After the flash, glitz and glamor that governed ’80s pop music, the woman who would become the next decade’s biggest act seemed anything but ready to seize the spotlight as 1990 arrived. Mariah Carey, a 20-year-old from Long Island with a well-noted case of stage fright, quietly slipped her debut album out in June of that year. But what Carey may have lacked in performing confidence she more than made up for in marketing power. With the full resources of Columbia Records behind her — label chairman Tommy Mottola noted that Carey’s debut album was the label’s top priority the month of its release — the world would never forget the young singer with the five-octave voice.
Despite a particularly saturated female pop landscape in 1990 — recall, this is the era that saw Whitney, Janet and Madonna at their peaks — Carey carved a place among them at an astonishing rate. After arriving late to the party, Carey would surpass them all by the decade’s end, collecting more No. 1s than any female artist (a record she still holds.)
Yet for all the hits, Mariah Carey does little in the way of introducing the world to the woman behind the seismic scales and piercing high notes. It’s much more focused on the hit-making, but to the album’s credit, it succeeded to a remarkable degree. Despite entering the charts at a modest No. 80, the set eventually spent 11 weeks atop the Billboard 200, launched four (!) No. 1 singles on the Billboard Hot 100, and set the singer up to win a best new artist Grammy.
As Mariah Carey celebrates its silver anniversary, Billboard revisits the eleven-track collection that jumpstarted one of the most successful stories in pop music history.
“Vision of Love”: Call it fate, destiny or marketing genius, but one of the strongest creations in Carey’s entire catalog is the first song on her debut album. From a sci-fi opening, the song morphs into a slow pop/R&B ballad as Carey starts with a near-humming “treated me kind.” The songbird then mounts an ascent in both intensity and octaves until 2:45 in, where she unleashes what has become her calling card: an effortless ride through the whistle register. But that isn’t all — a few bars later, Carey displays the melisma technique that will, for better or worse, form the backbone of the American Idol school of singing. “Vision” kicked off Carey’s career in the best possible way: The track flew to No. 1 for a month on the Hot 100, and scored the rookie a best female pop vocal Grammy.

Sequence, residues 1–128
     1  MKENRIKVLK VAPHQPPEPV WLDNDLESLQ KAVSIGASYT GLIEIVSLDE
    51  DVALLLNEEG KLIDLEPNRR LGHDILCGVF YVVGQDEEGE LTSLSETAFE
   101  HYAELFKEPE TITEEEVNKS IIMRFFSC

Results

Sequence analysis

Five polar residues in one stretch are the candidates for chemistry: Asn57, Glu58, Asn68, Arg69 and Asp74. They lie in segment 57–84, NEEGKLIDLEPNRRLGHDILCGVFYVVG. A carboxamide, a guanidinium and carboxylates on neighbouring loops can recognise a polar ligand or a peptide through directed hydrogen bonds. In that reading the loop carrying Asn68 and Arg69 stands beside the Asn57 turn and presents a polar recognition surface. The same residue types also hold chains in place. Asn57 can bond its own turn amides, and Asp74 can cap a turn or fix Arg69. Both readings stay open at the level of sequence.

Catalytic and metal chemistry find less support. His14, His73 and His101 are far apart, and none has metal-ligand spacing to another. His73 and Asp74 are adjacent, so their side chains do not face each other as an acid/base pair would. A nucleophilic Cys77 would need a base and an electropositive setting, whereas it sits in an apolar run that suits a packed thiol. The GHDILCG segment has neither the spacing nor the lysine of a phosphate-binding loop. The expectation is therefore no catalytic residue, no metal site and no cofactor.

“There’s Got to Be A Way”: The album’s second track maintains the same R&B/pop (and faintly gospel) flair that characterizes “Vision,” though the subject matter shifts from love to social activism as Carey declares, “there’s got to be a way / to connect this world today.” The track decries poverty and racism, and uses the bridge to insert an uplifting turn, but the aim for broad appeal comes at the expense of memorable lyrics. Still, Carey’s voice is in peak form, which helps smooth out some of the track’s bumps. And though most whistle register notes may sound the same, Carey deploys one of her best in this track.
“I Don’t Wanna Cry”: Nineties pop had a trademark composition, and every singer — solo or group, male or female — had at least one anguished ballad lying in wait on the studio floor. Mariah joins the club, singing of the pain of ending a relationship: “Though I’ve given you my heart and soul, I must find a way of letting go, ‘cause baby, I don’t wanna cry.” Carey famously wasn’t a big fan of the song, but it didn’t stop the track from becoming her fourth No. 1 from the album. In other words — a year into her career, Carey had released only No. 1 hits.